Britain's Queen Elizabeth II and the Duke of Edinburgh visit the "Blood Swept Lands and Seas of Red" poppy installation at the Tower of London. Symbolising British and colonial fatalities in World War I, it will eventually consist of nearly 900,000 ceramic poppies.
AFP Photo: Ben Stansall
8.4 Tower of London marks World War I with dramatic poppy display
The Tower of London is marking the 100th anniversary of the outbreak of World War I with a dramatic art installation using thousands of ceramic poppies surrounding the battlements. Poppies have long been used as a symbol to remember those killed in conflict, particularly during the two world wars that consumed Europe during the last century.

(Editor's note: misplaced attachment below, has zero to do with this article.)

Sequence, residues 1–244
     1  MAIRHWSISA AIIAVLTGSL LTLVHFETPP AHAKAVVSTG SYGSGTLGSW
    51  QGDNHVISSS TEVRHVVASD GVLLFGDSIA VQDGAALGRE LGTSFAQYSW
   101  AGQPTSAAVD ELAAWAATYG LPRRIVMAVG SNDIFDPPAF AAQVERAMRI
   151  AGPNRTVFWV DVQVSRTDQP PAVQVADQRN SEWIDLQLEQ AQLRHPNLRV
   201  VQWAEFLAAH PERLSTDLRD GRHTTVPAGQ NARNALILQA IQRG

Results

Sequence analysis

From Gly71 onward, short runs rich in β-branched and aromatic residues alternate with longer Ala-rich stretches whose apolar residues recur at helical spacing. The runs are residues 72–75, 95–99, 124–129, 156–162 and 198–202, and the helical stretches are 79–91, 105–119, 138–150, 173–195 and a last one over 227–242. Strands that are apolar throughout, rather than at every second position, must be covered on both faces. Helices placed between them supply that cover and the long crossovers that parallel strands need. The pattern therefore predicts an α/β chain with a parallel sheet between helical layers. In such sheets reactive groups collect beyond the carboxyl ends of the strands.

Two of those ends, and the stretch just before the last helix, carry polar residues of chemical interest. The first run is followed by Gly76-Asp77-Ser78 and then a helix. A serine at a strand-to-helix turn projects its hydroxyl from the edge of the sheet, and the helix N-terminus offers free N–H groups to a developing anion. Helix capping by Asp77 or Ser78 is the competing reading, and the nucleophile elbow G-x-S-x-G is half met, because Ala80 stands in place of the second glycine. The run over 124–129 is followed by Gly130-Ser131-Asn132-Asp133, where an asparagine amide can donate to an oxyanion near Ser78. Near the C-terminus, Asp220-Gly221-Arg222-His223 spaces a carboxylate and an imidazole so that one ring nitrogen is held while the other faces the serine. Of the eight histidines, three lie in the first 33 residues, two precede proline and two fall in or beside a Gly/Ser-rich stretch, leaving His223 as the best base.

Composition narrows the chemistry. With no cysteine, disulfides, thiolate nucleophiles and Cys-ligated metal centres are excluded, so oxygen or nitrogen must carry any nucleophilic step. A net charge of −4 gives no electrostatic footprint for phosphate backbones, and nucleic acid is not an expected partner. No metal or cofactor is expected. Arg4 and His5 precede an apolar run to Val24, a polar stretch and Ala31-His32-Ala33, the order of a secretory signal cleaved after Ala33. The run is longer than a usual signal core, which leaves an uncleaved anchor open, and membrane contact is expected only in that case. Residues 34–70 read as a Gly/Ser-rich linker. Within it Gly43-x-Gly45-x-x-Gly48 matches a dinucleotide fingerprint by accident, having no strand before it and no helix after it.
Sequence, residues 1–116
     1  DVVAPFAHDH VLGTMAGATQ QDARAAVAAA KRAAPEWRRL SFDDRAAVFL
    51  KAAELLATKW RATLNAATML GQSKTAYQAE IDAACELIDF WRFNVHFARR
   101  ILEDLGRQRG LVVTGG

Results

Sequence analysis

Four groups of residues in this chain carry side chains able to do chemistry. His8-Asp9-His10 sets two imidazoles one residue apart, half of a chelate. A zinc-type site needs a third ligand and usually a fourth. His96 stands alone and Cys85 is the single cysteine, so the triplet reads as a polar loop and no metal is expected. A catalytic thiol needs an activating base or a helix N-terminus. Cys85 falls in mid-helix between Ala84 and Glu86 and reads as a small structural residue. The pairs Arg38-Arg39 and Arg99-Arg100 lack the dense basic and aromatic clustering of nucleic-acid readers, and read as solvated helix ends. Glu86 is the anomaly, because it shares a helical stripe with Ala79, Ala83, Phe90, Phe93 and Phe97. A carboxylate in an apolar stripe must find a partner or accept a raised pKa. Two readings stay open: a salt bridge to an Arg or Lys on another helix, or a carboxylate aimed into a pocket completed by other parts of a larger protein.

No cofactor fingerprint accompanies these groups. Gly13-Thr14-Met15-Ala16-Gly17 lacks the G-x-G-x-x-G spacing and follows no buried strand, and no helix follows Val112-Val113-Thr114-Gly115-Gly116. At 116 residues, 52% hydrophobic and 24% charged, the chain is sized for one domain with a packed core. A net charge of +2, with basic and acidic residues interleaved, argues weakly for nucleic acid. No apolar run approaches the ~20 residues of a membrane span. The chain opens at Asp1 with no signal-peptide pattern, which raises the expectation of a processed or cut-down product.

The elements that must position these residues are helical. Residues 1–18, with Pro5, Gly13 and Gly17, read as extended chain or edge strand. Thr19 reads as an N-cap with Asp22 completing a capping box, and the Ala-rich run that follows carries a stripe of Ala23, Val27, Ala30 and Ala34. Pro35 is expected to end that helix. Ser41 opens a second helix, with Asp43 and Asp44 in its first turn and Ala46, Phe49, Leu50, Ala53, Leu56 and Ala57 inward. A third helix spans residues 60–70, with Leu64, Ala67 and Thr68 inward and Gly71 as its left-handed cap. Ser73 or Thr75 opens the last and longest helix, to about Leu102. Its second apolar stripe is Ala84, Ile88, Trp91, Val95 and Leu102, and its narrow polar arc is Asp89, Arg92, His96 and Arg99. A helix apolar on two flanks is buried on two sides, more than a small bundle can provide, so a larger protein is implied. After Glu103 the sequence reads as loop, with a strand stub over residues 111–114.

Around 888,246 ceramic poppies are being "planted" in the dry moat surrounding the Tower of London in an installation created by artist Paul Cummins. One poppy is being planted for each of the British military personnel who perished in the conflict, which began in August 1914.
The moving tribute to Britain's military casualties is due to be completed by November 11, 2014 -- the day that commemorates the anniversary of the 1918 cease-fire on the conflict's Western Front and those who perished.